Pretend for a moment that you’re a dragon. You have a hoard. You want to keep it protected, but you would like to grow it too and you can’t be over there, getting loot, if you’re over here, protecting the loot that you’ve got.
Lucky for you, there’s no need to choose. Those half-hairless bipeds you’ve noshed on now and again might try to sneak into your hoard every now and then, but maybe they could be trained.
Dragons have their own civilization (of a sort; we wouldn’t easily recognize it as such) but they didn’t intentionally replicate that in humans in the organization of their “hoard-keeps.” It simply grew around them. Writing and mathematics developed in order to keep better records of a hoard’s contents. A technological arms race was the product of struggles between tribes and clans, all trying to protect their patron’s hoard and seize the hoards of others.
The system became so successful that small bureaucracies began to emerge in order to manage all of the various tasks required by the hoard-keep. Having a dragon around is a good deterrent against raiders, too, so there’s another incentive to align yourself with a dragon.
Even today, dragon-run empires are effectively vast hoard-keeps. The national treasury and the dragon’s hoard are one and the same, and when the empire extends its holdings and establishes colonies it does so in order to add greater glory to the name of its dragon.
There are a few ways that this can go, none of them contradictory with any others:
We can run with this idea even if we assume that civilization arose more or less normally. Let’s push the date of the Bright Idea further into the future.
Imagine a story, told over generations, that starts with a few people that have been approached to protect a dragon’s hoard. Perhaps the dragon has made a cost/benefit analysis and decided that what it pays them will be a smaller loss than if there were no one to protect the hoard. Or maybe there’s something that people really like and dragons care little or nothing for. If dragons have valuable bodily substances (we’ll get to that next week) then maybe it bleeds itself or milks its venom on a regular basis for them.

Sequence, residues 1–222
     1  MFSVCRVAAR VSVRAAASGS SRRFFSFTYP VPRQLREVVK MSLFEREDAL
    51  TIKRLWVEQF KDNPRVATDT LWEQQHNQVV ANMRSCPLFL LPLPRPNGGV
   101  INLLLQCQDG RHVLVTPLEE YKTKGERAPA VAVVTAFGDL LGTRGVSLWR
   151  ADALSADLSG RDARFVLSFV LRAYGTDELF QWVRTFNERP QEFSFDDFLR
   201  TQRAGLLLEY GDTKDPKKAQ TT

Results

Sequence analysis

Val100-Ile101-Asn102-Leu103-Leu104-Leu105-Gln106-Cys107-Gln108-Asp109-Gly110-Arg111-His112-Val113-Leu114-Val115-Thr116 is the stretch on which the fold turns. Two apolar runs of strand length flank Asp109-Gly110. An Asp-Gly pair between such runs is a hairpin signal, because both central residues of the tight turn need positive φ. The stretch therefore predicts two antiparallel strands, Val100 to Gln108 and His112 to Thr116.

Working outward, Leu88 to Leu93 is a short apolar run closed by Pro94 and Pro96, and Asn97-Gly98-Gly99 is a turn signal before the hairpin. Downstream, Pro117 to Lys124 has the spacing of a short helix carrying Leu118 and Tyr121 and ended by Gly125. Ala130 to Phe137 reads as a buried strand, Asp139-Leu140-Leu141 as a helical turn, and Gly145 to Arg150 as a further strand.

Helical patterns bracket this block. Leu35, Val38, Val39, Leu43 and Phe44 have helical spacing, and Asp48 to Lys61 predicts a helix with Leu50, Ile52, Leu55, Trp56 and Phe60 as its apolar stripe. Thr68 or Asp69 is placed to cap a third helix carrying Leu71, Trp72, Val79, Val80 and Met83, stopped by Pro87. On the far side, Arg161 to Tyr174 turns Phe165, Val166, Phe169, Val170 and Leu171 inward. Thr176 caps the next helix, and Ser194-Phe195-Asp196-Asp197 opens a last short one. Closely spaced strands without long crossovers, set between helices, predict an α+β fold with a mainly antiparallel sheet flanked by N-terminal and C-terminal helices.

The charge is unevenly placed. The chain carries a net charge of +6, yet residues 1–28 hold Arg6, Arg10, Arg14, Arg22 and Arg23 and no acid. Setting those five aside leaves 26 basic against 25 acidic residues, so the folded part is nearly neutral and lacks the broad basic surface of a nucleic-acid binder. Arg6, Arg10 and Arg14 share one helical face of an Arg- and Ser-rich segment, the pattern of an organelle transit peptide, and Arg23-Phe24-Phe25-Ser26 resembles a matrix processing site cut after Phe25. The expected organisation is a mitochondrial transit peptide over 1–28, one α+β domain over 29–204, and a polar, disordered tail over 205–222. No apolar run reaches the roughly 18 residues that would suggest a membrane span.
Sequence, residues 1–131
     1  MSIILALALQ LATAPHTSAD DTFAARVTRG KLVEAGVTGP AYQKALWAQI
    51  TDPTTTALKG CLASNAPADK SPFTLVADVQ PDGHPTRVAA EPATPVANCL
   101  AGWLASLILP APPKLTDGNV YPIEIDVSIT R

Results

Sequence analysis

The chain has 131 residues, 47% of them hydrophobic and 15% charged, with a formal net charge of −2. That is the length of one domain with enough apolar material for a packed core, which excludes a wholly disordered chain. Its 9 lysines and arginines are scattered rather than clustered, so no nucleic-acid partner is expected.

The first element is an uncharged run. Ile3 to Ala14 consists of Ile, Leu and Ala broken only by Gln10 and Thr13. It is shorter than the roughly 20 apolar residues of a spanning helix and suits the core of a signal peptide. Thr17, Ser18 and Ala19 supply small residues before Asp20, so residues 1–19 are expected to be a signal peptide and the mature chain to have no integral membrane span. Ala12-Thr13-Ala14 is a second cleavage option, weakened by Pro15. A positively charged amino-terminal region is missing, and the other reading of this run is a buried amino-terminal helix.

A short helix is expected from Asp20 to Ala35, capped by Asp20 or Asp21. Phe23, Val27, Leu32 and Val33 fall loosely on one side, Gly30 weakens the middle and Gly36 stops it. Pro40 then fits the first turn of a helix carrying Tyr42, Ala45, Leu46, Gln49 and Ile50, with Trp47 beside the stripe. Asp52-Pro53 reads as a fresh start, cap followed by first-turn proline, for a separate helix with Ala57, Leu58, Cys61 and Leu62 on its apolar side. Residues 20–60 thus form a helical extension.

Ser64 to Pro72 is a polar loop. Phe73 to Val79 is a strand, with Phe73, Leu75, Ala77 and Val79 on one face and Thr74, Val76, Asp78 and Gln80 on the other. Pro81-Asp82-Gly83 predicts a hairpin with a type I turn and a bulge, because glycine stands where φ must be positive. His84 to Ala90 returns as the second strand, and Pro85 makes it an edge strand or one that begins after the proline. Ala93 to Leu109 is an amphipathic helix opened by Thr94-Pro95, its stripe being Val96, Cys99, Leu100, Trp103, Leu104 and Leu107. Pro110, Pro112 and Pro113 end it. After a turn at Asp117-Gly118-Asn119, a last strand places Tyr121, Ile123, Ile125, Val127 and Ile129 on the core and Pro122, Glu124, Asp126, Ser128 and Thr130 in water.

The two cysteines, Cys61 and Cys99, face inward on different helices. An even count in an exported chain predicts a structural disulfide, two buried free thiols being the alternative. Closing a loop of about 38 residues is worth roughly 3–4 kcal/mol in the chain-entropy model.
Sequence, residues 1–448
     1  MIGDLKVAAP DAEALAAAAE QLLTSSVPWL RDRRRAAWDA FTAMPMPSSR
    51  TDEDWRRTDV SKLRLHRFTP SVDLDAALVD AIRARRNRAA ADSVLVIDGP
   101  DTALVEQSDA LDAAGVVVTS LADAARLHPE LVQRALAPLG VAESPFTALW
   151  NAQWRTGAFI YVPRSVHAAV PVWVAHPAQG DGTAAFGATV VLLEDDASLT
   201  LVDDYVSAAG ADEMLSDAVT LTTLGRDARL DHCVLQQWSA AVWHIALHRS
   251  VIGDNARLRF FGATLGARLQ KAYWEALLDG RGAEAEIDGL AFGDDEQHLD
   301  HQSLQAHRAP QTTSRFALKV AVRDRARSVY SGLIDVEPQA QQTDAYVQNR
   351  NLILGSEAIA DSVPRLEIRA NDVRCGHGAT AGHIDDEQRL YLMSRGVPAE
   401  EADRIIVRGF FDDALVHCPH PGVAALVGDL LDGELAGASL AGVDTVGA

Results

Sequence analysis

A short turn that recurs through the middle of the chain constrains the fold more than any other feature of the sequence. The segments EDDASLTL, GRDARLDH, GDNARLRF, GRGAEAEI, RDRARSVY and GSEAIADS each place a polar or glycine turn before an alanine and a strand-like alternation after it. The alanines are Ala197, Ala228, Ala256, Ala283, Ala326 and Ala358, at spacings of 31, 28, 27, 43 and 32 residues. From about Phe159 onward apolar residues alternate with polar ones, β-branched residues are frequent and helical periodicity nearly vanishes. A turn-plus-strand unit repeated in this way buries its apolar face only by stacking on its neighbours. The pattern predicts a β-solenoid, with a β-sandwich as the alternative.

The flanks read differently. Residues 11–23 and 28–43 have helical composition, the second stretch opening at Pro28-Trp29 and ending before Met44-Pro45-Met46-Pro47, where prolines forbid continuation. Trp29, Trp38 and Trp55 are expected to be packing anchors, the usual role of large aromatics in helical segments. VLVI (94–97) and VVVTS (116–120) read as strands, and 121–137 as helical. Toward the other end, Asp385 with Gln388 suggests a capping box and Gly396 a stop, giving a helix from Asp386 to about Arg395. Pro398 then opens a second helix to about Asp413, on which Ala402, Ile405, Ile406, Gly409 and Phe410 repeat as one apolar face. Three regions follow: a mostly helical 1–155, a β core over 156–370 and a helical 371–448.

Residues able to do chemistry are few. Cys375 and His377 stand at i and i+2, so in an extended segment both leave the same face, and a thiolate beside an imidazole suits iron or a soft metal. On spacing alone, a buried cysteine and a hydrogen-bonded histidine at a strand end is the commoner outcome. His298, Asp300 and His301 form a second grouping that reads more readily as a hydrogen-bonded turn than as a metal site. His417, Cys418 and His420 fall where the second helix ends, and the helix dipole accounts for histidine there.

Regardless of how it gets started, it goes on. The years pass and a secret society forms around the hoard. You don’t want to make this a matter of public knowledge if you can avoid it, after all. You want to help your fellow hoard-keepers in day-to-day life while you’re at it, too. And having a series of initiation levels will help you sift wheat from chaff and discover who can be trusted.
Imagine that the treasure of the Freemasons and the Knights Templar was a dragon’s hoard (and also not fake) and you might have the general idea.
Eventually, in process of time, the secret society transforms further. Perhaps it insinuates itself into society so thoroughly that it effectively takes control. Perhaps it becomes a religion, secret or otherwise.
Alternately, why don’t we forgo the humans entirely? We’ll get rid of the whole process of characters dying and being replaced by others, too. Instead, our story, still being told over a period of centuries, has a single protagonist: the dragon itself.
Start with the durg is born, or hatched, or whatever you want to call it. From youth to extreme old age we follow the dragon. History moves, the times change, and the world becomes ever more different. Once no bigger than a thumb or a hand, the story goes on until our dragon is as big as a mountain and has to retreat into the bones of the world or the depths of the sea.
And what would that be like, if the story continued for a little bit more? I want to know what civilizations exist beneath the waves. At the very least there must be dragons, great big ones that hibernate for years and have lived for millennia, and the kind of society that would develop under those circumstances.
By the way, does that proposed life cycle make dragons out to be like great big fire-breathing sea turtles?
R. Donald James Gauvreau works an assortment of odd jobs, most involving batteries. He has recently finished a guide to comparative mythology for worldbuilders, available herefor free. He also maintains a blog at White Marble Block, where he regularly posts story ideas and free fiction, and writes The Culture Column, an RPG.net column with cultures ready for you to drop into your setting.